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Name:

Steven Carson
Grade Level:
Grade 3

Subject:
Science
Time Required:
1 hour (may need more time to complete final
activity which could be finished in Art)

Lesson Objectives and Purpose:


Using prior knowledge and exposure to soil, students will be expected to be able to
recognize characteristics of soil and hypothesize and discuss factors of the soil that would
impact the rate of water absorption and its effect on the soil.
Standards:
Science:
Next Generation Science Standards (NGSS):
(4) Earths Systems: Processes that Shape the Earth
4-ESS2-1: Make observations and/or measurements to provide evidence of the effects of
weathering or the rate of erosion by water, ice, wind, or vegetation.
NB Curriculum Outcomes:
General Outcome: Moving Water and Soil
Specific Outcome: Students will be expected to observe and describe the effects of
moving water on different types of soil. (p.38)
Language Arts:
NB Curriculum Outcomes:
GCO: (5) Students will be expected to interpret, select, and combine information using a
variety of strategies, resources, and technologies (p. 30)
SCO: (a) Students will be expected to, with assistance, interact with a variety of simple
texts (e.g., pictures, computer software, non-fiction). (p. 30)
GCO: (8) Students will be expected to use writing and other forms of representations to
explore, clarify, and reflect on their thoughts, feelings, experiences, and learnings, and to
use their imaginations. (p. 32)
SCO: (b) Students will be expected to use writing and other forms of representing to
convey meaning. (p. 32)
Visual Arts:
NB Curriculum Outcomes:

GCO: (5) Students will be expected to examine the relationship among the arts, societies,
and environments. (p. 10)
SCO: (3.5.4) Investigate artwork from the past (e.g. portraits, landscapes, social
documentary) and relate it to their art. (p. 10)
Materials:
3 plastic bottles and 3 plastic cups:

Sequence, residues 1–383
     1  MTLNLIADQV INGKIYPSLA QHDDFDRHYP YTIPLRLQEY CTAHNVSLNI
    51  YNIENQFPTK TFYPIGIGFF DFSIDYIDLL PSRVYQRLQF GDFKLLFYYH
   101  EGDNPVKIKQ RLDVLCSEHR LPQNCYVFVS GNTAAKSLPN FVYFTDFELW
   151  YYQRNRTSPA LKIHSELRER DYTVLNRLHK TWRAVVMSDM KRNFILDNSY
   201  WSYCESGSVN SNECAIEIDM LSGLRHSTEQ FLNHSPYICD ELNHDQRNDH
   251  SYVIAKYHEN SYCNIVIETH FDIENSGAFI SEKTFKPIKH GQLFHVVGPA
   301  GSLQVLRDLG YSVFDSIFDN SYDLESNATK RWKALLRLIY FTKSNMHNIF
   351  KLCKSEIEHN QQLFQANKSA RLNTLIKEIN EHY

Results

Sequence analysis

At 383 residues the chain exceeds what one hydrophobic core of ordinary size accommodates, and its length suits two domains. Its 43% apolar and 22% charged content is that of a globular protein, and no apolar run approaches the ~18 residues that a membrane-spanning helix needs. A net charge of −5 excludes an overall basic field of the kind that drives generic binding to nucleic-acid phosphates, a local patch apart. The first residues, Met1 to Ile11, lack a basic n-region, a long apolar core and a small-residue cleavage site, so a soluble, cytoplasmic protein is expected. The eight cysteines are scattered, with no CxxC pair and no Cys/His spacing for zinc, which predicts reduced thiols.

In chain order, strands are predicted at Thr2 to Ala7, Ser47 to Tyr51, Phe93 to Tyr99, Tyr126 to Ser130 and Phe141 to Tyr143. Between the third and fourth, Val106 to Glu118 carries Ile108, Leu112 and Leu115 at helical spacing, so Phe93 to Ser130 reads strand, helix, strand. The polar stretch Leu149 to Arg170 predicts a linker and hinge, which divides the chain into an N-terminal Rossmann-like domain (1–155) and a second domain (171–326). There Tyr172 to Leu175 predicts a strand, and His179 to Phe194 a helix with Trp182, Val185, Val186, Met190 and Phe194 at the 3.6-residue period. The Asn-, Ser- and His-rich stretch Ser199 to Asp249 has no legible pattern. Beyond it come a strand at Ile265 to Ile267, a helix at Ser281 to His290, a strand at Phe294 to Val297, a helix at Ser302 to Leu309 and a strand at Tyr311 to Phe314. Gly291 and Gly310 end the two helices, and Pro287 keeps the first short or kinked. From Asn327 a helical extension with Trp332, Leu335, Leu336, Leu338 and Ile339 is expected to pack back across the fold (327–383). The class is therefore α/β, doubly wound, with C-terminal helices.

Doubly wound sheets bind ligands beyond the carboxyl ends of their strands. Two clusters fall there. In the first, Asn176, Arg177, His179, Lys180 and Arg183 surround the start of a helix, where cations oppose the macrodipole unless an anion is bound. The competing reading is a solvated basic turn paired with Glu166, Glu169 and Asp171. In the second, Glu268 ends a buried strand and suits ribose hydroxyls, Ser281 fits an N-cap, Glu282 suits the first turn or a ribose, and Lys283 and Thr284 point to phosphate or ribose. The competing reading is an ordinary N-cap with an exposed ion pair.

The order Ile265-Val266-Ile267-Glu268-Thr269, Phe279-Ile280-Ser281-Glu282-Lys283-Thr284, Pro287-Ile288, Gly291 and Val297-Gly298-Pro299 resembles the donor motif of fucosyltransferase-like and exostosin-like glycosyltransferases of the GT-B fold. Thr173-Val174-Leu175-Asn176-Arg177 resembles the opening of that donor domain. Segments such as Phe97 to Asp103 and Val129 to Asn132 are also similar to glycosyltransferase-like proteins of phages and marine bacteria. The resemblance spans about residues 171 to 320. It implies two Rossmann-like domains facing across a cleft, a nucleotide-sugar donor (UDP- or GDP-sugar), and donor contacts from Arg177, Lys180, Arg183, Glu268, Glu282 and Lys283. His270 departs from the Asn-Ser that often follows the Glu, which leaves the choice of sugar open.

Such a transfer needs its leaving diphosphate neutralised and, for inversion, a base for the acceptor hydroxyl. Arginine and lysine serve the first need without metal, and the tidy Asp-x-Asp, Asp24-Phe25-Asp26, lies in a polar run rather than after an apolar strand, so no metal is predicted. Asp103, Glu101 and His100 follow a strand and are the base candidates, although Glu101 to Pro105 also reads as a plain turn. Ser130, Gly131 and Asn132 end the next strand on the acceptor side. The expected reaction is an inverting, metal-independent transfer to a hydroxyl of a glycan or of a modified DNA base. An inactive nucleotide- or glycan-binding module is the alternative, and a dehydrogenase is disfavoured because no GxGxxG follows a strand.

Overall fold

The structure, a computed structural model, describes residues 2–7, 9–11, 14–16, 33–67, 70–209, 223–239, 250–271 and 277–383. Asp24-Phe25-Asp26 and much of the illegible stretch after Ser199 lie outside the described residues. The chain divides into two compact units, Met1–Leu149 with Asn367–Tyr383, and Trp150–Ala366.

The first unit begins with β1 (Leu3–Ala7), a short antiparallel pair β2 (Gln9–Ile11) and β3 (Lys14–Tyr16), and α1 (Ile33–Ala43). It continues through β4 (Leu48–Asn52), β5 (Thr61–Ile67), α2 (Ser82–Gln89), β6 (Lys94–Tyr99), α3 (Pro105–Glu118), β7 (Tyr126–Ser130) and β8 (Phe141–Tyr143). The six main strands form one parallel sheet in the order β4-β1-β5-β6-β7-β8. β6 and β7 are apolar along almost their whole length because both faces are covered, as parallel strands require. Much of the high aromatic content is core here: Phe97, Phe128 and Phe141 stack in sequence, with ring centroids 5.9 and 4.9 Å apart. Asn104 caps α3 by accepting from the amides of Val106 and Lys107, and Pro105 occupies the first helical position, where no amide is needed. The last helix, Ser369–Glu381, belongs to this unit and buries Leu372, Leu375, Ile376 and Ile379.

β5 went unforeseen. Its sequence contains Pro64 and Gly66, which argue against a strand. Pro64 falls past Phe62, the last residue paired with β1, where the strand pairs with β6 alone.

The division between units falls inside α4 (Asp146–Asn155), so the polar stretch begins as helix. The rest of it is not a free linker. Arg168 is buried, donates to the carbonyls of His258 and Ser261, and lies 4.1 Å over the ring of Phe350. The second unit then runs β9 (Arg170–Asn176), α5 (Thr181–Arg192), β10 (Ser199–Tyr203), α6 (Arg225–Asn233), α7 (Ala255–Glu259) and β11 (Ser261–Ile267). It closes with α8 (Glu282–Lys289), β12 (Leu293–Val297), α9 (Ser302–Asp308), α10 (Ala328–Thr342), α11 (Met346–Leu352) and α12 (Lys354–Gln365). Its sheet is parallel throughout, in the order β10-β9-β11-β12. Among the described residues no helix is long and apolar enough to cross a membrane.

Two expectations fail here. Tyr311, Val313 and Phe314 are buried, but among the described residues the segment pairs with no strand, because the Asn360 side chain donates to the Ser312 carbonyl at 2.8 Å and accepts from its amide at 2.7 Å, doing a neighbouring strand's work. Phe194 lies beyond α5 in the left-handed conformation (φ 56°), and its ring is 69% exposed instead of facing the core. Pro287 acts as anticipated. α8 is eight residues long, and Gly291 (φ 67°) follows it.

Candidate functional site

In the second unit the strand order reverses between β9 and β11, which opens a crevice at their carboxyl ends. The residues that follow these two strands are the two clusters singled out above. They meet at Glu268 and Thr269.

Bottle 1: Soil
Bottle 2: Soil and loose twigs and leaves
Bottle 3: Soil with plated vegetation
String
Handout for each student
Pencil for each student
Smart Board
Scribbly Map (for SMART board projection and class website)
11x14 white paper for each studentFound in the __________
Art supplies for each student (i.e. markers, pencil crayons, pastels, crayons)Found in
the ______
Put the soil bottles and cups on 3 different surfaces
Before the lesson:
3 750mL bottles were cut in half (top to bottom) and the contents were placed in the
bottle and each set onto a surface outside. A cup was strung to the end of the half-bottle to
collect the water and soil that runs out of the bottle. They were kept out for a few days on
a rainy day.
The teacher will put these samples at 3 different tables before the lesson.
Open up the Scribble Map, the link to the video, the link to the song, and the link to the
image of Hopewell Rocks.
Instructional Sequence:

Introduction to water erosion (scribble map, video, song)


Making observations at stations
Class discussion about the stations and the main ideas of the lesson
Water erosion art project (could carry over into Art class if more time is needed)

Vocabulary:
Force
Friction
Deposition
Engage the learner: 8-10 minutes
What the teacher will do

What the student will do

The teacher will open the


Scribble Map (screenshots below)
on the SMART Board that has
markers placed to showcase
different landmarks in the world
impacted by water erosion. The
markers can be clicked on and
have links and videos attached to
learn more.
Login info: UsernamePasswordThe teacher will click on The
Grand Canyon marker and select
the YouTube link and show the
video on of an aerial view of the
canyon.
(https://www.youtube.com/watch
?v=ezpqDi42pRM)
The teacher will ask students
what they noticed about the
Grand Canyon.
The teacher will mention that the
Bay of Fundy is a local place that
has experienced water erosion.
The teacher will ask if anyone has
gone there and what theyve
noticed about it.
The teacher will mention how the
running water (tide) hits the rocks
and soil and moves them (will use
the word deposition to refer to
transplanting the rocks). The
teacher will also use the words
friction, force, and running water.
The teacher will upload a
YouTube music video on the
SMART Board, called
Weathering and Erosion.
(https://www.youtube.com/watch
?v=d0jVywral14)

*The teacher will upload the Scribble


Map to the class website.
Explore the content: 15 minutes

The students will look at the Scribble


Map and explore it at home since the
teacher has uploaded it to the class
website.
The students will interact in a
discussion about the Grand Canyon
and Bay of Fundy
The students will listen to the
discussions and listen to a song about
erosion.

What the teacher will do

The teacher will assign students